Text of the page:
Moore’s Nuclear Energy 1964–6 (fig.3) was the first sculpture to be commissioned after the controversy over the Institute’s extension and thirty-five years after the previous Fund commission. Unusually within Moore’s work, the sculpture commemorated an important event. On 2 December 1942 Italian-born American physicist Enrico Fermi, working in a converted subterranean squash court on the University of Chicago’s campus, carried out the first controlled nuclear chain reaction that led to the atom bomb and the development of nuclear energy. While the working model was referred to as Atom Piece, the final sculpture was titled Nuclear Energy in order to emphasise the positive rather than the destructive aspects of the scientific breakthrough. This lack of clarity in the nature of what was being celebrated or remembered through the sculpture was echoed in the ambiguity of Moore’s own position in relation to this work as he was a lifelong supporter of the Campaign for Nuclear Disarmament and ‘ban the bomb’ movement.
William McNeill, then Professor of History at the University of Chicago, chaired the committee established to commemorate Fermi’s achievements as the twenty-fifth anniversary approached. Events did not run smoothly: there were issues with both fund-raising and the ownership of the land on which it was proposed to site the sculpture. Moore already had a strong reputation in Chicago, having many sculptures in various collections,38 and was then attracting a high level of publicity through the screening of films about him in the city.39 Writing in January 1964, McNeill informed Moore that the University had approved the committee’s recommendation to invite him to create ‘a statue that might body forth the awfulness of the event ... I mean awful in its proper sense: of inspiring awe ... a sense of greatness, power and danger all at once.’ McNeill said that the sculpture would be located about half a mile away from the actual place where the first chain reaction took place, on the Midway, a broad park-like thoroughfare dividing the University campus into its northern and southern halves.40 In fact, the sculpture was sited on Ellis Avenue, which crosses the Midway. Set back from the road, it was not in a particularly prominent position. It was close, however, to the Regenstein Library that was built at the same time by architectural firm Skidmore, Owings & Merrill, and it is possible that Nuclear Energy was seen as also providing an artwork for that project, particularly given the friendship between Moore and the architect Gordon Bunshaft.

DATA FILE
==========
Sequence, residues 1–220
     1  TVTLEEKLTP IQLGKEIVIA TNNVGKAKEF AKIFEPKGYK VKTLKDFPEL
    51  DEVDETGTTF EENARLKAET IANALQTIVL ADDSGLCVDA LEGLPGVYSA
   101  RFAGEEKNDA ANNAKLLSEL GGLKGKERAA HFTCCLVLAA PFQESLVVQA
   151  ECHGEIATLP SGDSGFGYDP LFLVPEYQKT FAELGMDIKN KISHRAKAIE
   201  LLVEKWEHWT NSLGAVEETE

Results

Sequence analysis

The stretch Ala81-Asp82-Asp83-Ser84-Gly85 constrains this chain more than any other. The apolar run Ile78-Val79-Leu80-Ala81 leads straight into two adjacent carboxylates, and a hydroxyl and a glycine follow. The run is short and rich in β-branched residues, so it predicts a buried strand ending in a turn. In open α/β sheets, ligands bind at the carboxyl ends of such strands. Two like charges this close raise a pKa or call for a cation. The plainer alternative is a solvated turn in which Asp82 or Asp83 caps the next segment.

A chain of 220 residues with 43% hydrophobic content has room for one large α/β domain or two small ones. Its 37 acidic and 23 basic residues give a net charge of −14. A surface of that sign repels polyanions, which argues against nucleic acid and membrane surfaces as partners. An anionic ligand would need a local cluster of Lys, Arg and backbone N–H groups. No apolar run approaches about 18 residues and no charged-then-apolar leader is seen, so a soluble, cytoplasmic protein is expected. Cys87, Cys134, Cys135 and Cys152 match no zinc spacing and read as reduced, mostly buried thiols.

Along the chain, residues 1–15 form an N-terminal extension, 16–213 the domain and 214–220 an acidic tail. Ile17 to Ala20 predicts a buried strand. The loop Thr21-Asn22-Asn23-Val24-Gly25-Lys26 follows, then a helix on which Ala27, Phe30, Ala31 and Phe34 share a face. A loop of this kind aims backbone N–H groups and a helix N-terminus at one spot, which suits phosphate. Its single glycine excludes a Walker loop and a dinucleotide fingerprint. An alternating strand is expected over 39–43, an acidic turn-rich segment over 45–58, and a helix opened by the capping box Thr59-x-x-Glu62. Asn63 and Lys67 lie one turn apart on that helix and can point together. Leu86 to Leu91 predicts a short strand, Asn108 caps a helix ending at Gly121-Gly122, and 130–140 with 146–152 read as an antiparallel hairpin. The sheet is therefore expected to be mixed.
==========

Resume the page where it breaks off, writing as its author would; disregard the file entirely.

The Fermi Memorial Planning Committee was concerned about the risk of public criticism of the sculpture but believed that this could be countered by ‘an appropriately-worded plaque’ hung nearby and care with the language used in the dedication ceremony.41 Whether a negative response was feared because of the sculptor or the sculpture’s subject is unclear, although the latter seems more likely given the sensitivity of the event being commemorated. In November 1967 McNeill informed Moore that the Ferguson Fund would finance the sculpture, with a grant of $200,000 and the rest being raised through public subscription.42 An exhibition of seventy Moore sculptures and about twenty-five drawings sourced from local private collections was also organised for the same period. Titled Chicago’s Homage to Henry Moore, the exhibition was held at the university for three weeks in December,43 and one journalist claimed that the size of this show demonstrated that Moore was the greatest sculptor represented in Chicago art collections.44
Local newspaper coverage of the unveiling of Nuclear Energy on 2 December 1967 set out the challenges the work presented: ‘Moore champions symbolism. Some scientists see in the atomic cloud the menace of destruction. They believe this to be the wrong interpretation to be placed on the work of Fermi. Humanists concede the militaristic aspect of the design but point to its cathedral effect and its suggestion of a hopeful future ... Thus, Henry Moore touches a sensitive nerve.’45 It was noted that Moore likened the Carrara marble mountains in Italy to cathedrals and that now he had ‘embodied the cathedral theme as part of his “Nuclear Energy” work, counterpointed against a mushroom cloud to reflect hope and despair in the nuclear age.’46 Moore later acknowledged the work’s evocation of a mushroom cloud but claimed in an interview that ‘in deference to the public nature of his commission he made it a very friendly atom bomb’.47
View of Henry Moore's Sundial (Man Enters the Cosmos) 1979, at the Adler Planetarium, Chicago 2003
© The Henry Moore Foundation. All Rights Reserved
Photo: Pauline Rose